Google Books (previously known as Google Book Search and Google Print and by its codename Project Ocean) is a service from Google Inc. that searches the full text of books and magazines that Google has scanned, converted to text using optical character recognition (OCR), and stored in its digital database. Books are provided either by publishers and authors, through the Google Books Partner Program, or by Google's library partners, through the Library Project. Additionally, Google has partnered with a number of magazine publishers to digitize their archives.The Publisher Program was first known as Google Print when it was introduced at the Frankfurt Book Fair in October 2004. The Google Books Library Project, which scans works in the collections of library partners and adds them to the digital inventory, was announced in December 2004.

The Google Books initiative has been hailed for its potential to offer unprecedented access to what may become the largest online body of human knowledge and promoting the democratization of knowledge.

However, it has also been criticized for potential copyright violations, and lack of editing to correct the many errors introduced into the scanned texts by the OCR process.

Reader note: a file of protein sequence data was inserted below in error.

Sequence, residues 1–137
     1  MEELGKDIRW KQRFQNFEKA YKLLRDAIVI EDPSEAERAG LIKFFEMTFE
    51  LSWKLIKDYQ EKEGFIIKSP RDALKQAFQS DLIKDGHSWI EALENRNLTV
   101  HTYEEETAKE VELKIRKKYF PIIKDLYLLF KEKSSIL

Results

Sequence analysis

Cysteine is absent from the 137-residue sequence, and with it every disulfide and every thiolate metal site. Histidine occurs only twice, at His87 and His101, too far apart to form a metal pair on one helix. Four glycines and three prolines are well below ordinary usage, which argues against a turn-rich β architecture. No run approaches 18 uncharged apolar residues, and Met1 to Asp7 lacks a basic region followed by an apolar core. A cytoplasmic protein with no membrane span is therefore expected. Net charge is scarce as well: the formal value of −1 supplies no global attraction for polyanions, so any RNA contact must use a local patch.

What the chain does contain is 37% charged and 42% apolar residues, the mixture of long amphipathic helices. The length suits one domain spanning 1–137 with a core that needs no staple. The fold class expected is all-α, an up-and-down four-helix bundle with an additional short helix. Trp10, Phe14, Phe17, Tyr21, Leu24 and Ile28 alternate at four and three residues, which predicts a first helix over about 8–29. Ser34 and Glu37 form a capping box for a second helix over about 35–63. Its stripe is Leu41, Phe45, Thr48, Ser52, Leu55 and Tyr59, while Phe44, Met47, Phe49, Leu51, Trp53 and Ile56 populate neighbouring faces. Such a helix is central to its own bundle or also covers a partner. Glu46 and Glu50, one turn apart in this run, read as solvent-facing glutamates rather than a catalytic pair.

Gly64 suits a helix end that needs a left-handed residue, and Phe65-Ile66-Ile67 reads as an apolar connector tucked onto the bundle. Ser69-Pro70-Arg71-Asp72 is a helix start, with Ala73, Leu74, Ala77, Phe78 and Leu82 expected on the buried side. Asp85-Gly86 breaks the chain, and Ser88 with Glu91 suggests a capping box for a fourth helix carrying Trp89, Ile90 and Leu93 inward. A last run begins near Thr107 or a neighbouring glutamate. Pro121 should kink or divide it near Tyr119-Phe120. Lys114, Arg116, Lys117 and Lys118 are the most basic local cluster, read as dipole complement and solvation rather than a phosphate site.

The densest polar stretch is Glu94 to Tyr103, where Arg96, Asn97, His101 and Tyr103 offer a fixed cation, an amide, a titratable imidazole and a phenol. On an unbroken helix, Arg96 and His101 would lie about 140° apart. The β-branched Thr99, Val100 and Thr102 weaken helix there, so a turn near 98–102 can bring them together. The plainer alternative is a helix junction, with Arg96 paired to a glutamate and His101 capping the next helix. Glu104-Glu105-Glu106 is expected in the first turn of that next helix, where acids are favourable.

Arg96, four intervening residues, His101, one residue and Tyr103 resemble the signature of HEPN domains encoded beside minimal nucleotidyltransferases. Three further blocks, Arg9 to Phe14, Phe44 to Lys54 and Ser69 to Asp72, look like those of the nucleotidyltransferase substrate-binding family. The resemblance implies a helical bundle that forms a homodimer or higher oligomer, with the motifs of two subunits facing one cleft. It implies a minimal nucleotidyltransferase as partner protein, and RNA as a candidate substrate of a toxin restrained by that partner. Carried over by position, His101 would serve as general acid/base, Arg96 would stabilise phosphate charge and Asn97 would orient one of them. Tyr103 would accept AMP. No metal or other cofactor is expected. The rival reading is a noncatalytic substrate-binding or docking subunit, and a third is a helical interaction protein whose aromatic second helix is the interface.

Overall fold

As of October 2015, the number of scanned book titles was over 25 million, but the scanning process has slowed down in American academic libraries. Google estimated in 2010 that there were about 130 million distinct titles in the world, and stated that it intended to scan all of them.

Google litigation

Google has been involved in multiple lawsuits over issues such as privacy, advertising, intellectual property and various Google services such as Google Books and YouTube. The company's legal department expanded from one to nearly 100 lawyers in the first five years of business, and by 2014 had grown to around 400 lawyers. Google's Chief Legal Officer is Senior Vice President of Corporate Development David Drummond


HathiTrust is a large-scale collaborative repository of digital content from research libraries including content digitized via the Google Books project and Internet Archive digitization initiatives, as well as content digitized locally by libraries.

Head writer

A head writer is a person who oversees the team of writers on a television or radio series. The title is common in the soap opera genre, as well as with sketch comedies and talk shows that feature monologues and comedy skits. In prime time series this function is generally performed by an executive producer, who may also be called the showrunner, as in some of the long series that have been produced since the late 20th century in the United States.

Janet Berliner